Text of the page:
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Women's Participation Key to Prosperity and Security


Women's Participation Key to Prosperity and Security

The State Department recently hosted the Warsaw Process Human Rights Working Group meeting, which focused on women, peace and security.

Women's Participation Key to Prosperity and Security
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The State Department recently hosted the Warsaw Process Human Rights Working Group meeting, which focused on women, peace and security.

During the meeting, Advisor to the President Ivanka Trump discussed with U.S. Special Representative for Iran Brian Hook the importance of the participation of women in decision-making roles to a nation’s security. Advisor Trump pointed to data showing that societies, which place impediments to women in the economic, legal, and cultural realms, prove to be unstable:

“Countries that discriminate against women are more likely to be involved in intra-state conflict. … If you look at the index of gender discrimination, the countries that rank the lowest, have in fact been involved in intra or inter-state conflict over the past two decades.”

Advisor Trump, who spearheads the Women’s Global Development and Prosperity Initiative, a U.S. all-of-government initiative aimed at boosting women’s economic empowerment in developing countries, has been working on reforming laws to help enable women’s participation in their countries’ economies. Many of the laws involve securing property rights for women:

“Oftentimes property is the primary source of collateral, which allows women or men, to be able to secure a loan, and to be able to start or grow a business, so if you don’t have property rights, if you don’t have clear title, you don’t really have wealth.”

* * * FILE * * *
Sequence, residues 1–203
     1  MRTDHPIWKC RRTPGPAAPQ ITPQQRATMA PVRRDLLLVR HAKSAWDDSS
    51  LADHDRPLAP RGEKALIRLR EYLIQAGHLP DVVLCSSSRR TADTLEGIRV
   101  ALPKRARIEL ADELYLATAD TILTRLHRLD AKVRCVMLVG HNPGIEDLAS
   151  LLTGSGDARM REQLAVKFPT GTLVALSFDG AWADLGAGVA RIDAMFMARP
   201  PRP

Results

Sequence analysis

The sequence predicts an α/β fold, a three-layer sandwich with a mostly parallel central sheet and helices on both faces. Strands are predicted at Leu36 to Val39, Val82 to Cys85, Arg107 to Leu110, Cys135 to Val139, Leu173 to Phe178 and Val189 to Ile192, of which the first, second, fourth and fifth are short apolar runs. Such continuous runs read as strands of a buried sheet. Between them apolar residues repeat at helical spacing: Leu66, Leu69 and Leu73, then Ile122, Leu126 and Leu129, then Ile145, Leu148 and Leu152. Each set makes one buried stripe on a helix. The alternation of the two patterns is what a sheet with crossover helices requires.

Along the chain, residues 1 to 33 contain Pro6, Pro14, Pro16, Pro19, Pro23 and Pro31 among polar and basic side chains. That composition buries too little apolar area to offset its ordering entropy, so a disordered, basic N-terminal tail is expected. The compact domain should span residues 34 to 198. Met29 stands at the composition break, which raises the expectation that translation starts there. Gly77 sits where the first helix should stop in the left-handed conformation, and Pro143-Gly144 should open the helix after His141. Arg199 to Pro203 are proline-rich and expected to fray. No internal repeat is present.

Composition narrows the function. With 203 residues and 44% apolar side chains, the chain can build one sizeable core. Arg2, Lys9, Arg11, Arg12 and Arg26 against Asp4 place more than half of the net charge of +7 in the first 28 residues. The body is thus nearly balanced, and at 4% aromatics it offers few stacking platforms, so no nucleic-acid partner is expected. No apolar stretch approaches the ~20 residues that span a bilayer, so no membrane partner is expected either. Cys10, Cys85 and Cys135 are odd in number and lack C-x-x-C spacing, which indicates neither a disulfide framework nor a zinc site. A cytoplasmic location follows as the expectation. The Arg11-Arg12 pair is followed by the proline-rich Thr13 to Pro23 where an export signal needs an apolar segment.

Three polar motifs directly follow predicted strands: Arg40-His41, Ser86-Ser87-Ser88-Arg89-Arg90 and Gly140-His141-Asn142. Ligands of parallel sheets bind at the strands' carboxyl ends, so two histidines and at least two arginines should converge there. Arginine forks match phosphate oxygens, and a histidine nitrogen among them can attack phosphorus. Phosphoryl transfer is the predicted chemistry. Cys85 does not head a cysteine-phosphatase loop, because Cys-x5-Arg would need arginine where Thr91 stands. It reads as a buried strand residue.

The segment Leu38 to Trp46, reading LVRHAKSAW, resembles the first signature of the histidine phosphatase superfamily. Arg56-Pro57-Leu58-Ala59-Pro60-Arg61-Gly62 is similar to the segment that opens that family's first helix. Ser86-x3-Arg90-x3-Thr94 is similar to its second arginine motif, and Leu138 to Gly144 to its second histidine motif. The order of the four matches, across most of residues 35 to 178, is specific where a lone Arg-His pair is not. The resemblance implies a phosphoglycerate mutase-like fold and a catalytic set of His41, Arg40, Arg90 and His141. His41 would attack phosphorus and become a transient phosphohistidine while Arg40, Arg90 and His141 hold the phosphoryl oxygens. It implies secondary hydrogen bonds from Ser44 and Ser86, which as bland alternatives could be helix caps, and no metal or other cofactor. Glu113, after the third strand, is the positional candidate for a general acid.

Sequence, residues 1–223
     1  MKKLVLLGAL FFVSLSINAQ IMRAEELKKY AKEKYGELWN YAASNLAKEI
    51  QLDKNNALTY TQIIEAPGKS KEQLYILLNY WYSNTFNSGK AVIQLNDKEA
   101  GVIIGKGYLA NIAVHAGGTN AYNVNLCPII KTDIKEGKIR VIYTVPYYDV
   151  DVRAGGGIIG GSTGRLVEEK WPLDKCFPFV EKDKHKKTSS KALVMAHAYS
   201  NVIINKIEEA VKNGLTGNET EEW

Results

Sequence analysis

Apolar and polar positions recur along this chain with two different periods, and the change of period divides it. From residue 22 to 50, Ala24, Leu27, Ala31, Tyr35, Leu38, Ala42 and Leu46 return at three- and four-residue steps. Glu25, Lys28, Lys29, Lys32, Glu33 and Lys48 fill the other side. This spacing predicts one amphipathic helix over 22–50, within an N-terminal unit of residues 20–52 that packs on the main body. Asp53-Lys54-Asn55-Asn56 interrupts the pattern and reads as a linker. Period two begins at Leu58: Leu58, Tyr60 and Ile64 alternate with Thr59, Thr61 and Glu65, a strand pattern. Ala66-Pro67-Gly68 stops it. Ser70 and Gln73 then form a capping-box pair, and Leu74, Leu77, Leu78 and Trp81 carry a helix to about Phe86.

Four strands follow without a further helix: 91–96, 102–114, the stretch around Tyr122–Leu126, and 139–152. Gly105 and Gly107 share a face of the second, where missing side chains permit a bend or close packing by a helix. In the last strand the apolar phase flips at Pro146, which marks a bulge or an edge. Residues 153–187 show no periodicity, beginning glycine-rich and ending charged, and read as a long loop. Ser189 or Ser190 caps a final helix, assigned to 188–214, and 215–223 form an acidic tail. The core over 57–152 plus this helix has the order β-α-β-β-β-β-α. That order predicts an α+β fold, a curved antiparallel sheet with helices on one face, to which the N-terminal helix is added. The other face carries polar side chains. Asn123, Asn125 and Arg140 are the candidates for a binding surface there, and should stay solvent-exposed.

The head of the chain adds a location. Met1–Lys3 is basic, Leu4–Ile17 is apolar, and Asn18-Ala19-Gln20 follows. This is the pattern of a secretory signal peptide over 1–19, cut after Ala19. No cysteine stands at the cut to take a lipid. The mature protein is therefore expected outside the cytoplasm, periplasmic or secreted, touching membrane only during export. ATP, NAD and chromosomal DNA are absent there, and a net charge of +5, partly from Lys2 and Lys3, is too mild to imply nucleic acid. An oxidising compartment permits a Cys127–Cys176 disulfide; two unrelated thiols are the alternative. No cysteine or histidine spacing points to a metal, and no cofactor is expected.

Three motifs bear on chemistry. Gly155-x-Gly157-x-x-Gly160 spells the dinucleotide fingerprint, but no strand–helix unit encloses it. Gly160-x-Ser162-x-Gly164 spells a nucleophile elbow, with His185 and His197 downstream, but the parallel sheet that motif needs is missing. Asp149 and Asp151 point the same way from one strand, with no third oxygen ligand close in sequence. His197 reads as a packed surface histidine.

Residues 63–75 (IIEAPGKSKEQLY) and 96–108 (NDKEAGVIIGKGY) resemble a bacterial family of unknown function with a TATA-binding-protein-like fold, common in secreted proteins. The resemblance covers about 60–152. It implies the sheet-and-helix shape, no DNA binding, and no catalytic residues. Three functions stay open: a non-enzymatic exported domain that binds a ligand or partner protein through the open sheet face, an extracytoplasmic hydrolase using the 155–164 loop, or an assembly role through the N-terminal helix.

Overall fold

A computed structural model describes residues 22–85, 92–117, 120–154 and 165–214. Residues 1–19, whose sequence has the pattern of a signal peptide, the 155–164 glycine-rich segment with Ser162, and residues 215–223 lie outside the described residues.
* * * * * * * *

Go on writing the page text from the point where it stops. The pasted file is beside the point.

Special Representative Hook noted that, mistakenly and too often, “national security exists in its own little space” separate from economics and separate from the roles that women play in both realms:

"It is the case that when women meaningfully participate in the peace process, the chances of success go up…There was one statistic that I came across, it was a study, when you include women in conflict resolution, it increases the chances of conflict ending within a year by 24 percent. And then if they’re a big part of the peace process…it makes the resulting agreement 64 percent less likely to fail.”

“It’s hard to have a durable peace if 50 percent of your population’s viewpoints aren’t represented,” said Advisor Trump. “Women,” she added, “are raising the next generation and need to be able to provide for that next generation, [and they] often are on the forefront of ensuring that that next generation isn’t radicalized…so,” she declared, “it’s just obviously good economic policy and smart defense policy -- there’s no other way around it.”

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